What will Turkey do with Jabhat al-Nusra?
In a speech President Recep Tayyip Erdogan gave in 2016, he had approached Jabhat Al-Nusra with empathy: “We have seen the recent developments. In the halls of the European Parliament, [pictures of] terrorist scraps from the YPG are hung up with people, who were pushed into the parliament with the support of the divisive terrorist organization in our country, posing in front of them.
When we tell this to the West, they all say, ‘Oh, but they’re against [ISIS].’ If those who oppose [ISIS] do not qualify as terrorists, then why do you call [Jabhat al-Nusra] a terrorist organization? Al-Nusra also wages a significant fight against [ISIS].”
Such straightforward thinking sometimes has dangerous results: ISIS is a terrorist organization, al-Nusra fights against ISIS. Therefore, al-Nusra is fighting against terrorism. Contrary to his statements at the time, Erdogan could also have asked, “If al-Nusra is not a terrorist organization because it fights against ISIS, does that mean YPG is also not a terrorist organization?” But this is beside the point.
The point is Turkey’s habit of turning a blind eye to terrorist groups that serve its own agenda. Unfortunately, this indulgence sooner or later causes us trouble.
DIRECTLY LINKED TO AL-QAIDA
Jabhat al-Nusra, also known as Front of the Supporters of the People of the Levant, was formed in 2011 by Abu Mohammad al-Julani and seven of his friends who moved to Syria from Iraq.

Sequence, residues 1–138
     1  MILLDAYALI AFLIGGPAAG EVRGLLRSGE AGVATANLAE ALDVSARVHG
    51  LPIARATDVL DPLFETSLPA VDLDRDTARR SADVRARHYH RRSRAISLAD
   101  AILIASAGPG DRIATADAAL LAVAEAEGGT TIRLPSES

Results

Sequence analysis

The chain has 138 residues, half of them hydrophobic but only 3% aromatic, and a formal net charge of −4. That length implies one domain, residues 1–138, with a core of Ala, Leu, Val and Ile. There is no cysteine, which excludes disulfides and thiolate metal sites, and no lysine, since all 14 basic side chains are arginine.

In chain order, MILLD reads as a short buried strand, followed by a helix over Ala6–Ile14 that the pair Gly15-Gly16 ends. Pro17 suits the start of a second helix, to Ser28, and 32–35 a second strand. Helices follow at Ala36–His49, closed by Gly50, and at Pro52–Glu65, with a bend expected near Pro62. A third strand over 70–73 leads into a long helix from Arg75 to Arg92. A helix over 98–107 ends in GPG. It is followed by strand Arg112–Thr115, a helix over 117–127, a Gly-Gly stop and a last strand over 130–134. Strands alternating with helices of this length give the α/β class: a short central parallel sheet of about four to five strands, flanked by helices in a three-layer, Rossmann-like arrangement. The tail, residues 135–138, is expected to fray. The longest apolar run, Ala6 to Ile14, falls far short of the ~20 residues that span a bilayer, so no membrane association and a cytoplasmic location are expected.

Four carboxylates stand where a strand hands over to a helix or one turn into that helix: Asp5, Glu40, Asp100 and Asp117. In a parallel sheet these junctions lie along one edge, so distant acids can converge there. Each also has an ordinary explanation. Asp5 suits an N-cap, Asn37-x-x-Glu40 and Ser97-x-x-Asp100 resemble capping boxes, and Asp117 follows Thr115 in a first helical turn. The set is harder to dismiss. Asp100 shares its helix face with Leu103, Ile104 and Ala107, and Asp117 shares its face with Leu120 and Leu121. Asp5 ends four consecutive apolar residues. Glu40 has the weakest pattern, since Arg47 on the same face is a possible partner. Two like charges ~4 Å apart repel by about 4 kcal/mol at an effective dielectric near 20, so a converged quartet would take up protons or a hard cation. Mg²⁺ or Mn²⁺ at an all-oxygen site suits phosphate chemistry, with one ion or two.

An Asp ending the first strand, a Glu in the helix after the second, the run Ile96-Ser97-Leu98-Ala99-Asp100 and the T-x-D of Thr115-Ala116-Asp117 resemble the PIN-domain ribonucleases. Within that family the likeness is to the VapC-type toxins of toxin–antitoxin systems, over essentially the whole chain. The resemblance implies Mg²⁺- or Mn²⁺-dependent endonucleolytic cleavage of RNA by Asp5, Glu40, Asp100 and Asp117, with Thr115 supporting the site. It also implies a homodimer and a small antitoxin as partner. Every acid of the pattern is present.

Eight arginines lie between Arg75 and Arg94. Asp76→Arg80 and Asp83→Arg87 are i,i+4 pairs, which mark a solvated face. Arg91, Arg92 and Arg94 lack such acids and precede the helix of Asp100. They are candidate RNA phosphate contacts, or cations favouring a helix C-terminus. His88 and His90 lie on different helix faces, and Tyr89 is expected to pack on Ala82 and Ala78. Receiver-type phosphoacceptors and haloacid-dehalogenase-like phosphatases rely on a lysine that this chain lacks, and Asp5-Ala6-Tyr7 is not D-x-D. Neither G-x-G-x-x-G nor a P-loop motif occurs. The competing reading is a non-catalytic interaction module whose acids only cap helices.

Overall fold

Al-Julani had previously worked with al-Zarqawi, the al-Qaida leader killed by US forces in 2006.
In 2000, al-Zarqawi had dispatched Syrians near him to Syria and Lebanon in order to form cells there.
After his death in 2006, al-Julani briefly moved to Lebanon. He formed an association with Jund al-Sham which was fighting against the Syrian regime at the time. That same year, he was arrested by Americans in Iraq and held at Camp Bucca.
Released in 2008, al-Julani this time began to work with Abu Bakr al-Baghdadi, the leader of the Islamic State of Iraq (al-Qaida in Iraq). In short time, he was brought to the head of al-Qaida operations in Mosul.
When the rebellion began in Syria, he relocated to Damascus with the support of al-Baghdadi, where he formed Jabhat al-Nusra.
Al-Nusra was responsible for attacks in Syria that garnered attention after the end of 2011.
In the twin terror attacks realized in Damascus on December 23, 2011, an intelligence building was targeted. This also constituted the first bomb attack in the Syrian rebellion period.
Al-Nusra, which officially announced its establishment in early 2012, continued to target military, intelligence, and government buildings, and was responsible for 70 large-scale attacks, most of which were suicide bombings.
With these attacks, al-Nusra was able to increase its influence among the groups fighting against the regime.